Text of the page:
“The areas affected by the Project serve as habitat for four federally listed threatened or endangered species, the Bald Eagle, and sixty-five state endangered, threatened, or special concern species. “
“The Project will permanently convert approximately eighty acres of forested land, potentially leading to increased erosion, fragmentation, and edge habitat, which could “decrease the quality of habitat for forest wildlife species.” EA at 2-36.”
“Construction of the Project will substantially degrade an additional 265.4 acres of forested land, which the EA admits will take “many years to regenerate.” EA at 2-36, 2-80. The Project will also cause “a permanent conversion of previously forested wetland areas to non-forested wetland areas,”
The Delaware River Basin has the authority to regulate pipelines construction activity that involves a “significant disturbance of ground cover” affecting water resources. Specifically, Article 3, section 2.3.5 (12) of the DRBC’s Rules of Practice and Procedures states, that the following activities are excluded from DRBC jurisdiction, “Electric transmission or bulk power system lines and appurtenances; major trunk communication lines and appurtenances; natural and manufactured gas transmission lines and appurtenances; major water transmission lines and appurtenances; unless they would pass in, on, under or across an existing or proposed reservoir or recreation project area as designated in the Comprehensive Plan; unless such lines would involve significant disturbance of ground cover affecting water resources. . . ” (emphasis added). However, up to this point the DRBC has failed to exercise its authority in this arena. In light of the regulatory compliance failures overseen by both the FERC and PADEP, the DRBC should exercise their statutory mandate to regulate pipeline construction activities in order to effectively preserve the natural integrity of the watershed. Pressure should continue to be levied against the DRBC to take such action.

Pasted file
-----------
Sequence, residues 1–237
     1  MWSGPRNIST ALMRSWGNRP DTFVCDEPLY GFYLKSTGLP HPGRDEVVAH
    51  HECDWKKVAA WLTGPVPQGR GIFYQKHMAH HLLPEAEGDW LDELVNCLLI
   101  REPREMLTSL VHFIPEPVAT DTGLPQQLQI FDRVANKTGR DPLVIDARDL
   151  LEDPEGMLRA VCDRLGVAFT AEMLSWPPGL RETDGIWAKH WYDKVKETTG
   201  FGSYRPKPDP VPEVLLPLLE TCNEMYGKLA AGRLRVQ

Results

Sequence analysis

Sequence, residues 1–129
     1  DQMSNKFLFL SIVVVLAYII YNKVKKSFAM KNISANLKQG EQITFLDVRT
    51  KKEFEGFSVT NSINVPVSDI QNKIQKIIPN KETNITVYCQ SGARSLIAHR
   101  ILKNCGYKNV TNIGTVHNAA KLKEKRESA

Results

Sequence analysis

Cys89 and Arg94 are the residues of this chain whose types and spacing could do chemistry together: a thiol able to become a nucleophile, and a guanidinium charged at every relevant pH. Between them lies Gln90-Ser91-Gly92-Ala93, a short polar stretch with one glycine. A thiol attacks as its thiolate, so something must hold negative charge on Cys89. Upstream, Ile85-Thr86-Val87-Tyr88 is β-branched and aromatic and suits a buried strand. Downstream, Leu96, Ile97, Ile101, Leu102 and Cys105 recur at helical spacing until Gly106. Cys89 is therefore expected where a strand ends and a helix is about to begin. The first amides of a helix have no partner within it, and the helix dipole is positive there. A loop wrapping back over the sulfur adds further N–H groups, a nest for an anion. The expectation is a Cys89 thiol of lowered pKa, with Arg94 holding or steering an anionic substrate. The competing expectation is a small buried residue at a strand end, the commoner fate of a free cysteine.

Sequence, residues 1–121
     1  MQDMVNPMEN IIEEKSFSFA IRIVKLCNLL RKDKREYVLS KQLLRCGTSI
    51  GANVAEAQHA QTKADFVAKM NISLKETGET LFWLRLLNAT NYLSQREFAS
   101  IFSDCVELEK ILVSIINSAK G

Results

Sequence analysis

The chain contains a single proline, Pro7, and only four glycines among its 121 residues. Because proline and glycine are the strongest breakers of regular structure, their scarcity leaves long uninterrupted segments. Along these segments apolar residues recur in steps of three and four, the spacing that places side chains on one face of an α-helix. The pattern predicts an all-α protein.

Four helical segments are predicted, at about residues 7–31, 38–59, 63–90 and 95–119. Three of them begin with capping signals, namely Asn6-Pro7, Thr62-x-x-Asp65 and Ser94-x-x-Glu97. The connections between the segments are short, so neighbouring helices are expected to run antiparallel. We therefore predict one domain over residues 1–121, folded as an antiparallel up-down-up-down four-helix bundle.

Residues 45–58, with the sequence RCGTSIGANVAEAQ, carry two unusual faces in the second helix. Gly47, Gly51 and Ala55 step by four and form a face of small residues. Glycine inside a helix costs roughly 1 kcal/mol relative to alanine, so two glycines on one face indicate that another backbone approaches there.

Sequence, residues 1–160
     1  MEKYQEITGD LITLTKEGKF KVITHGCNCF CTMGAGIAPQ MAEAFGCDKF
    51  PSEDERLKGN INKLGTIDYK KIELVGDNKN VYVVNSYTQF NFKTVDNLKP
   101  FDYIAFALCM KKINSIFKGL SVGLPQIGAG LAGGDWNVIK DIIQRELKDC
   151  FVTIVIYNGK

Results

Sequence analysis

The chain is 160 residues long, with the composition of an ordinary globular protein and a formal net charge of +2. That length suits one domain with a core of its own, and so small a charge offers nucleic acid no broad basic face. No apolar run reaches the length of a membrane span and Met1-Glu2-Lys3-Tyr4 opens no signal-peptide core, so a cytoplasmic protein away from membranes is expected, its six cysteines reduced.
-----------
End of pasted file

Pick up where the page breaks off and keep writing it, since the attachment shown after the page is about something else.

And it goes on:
Delaware Riverkeeper Network is committed to restoring natural balance in the Delaware River and watershed where it has been lost, and ensuring preservation where it still exists. As such, we are actively engaged at the local, state, and federal government levels to ensure that full weight of legal enforcement authority is brought to bear on pipeline construction projects where operators have failed to comply with their statutory and regulatory responsibilities, and will vigorously facilitate the enforcement those regulations and permit terms and conditions where necessary.
To keep abreast of the latest on this project be sure to read the Delaware Riverkeeper's Countdown blog posts.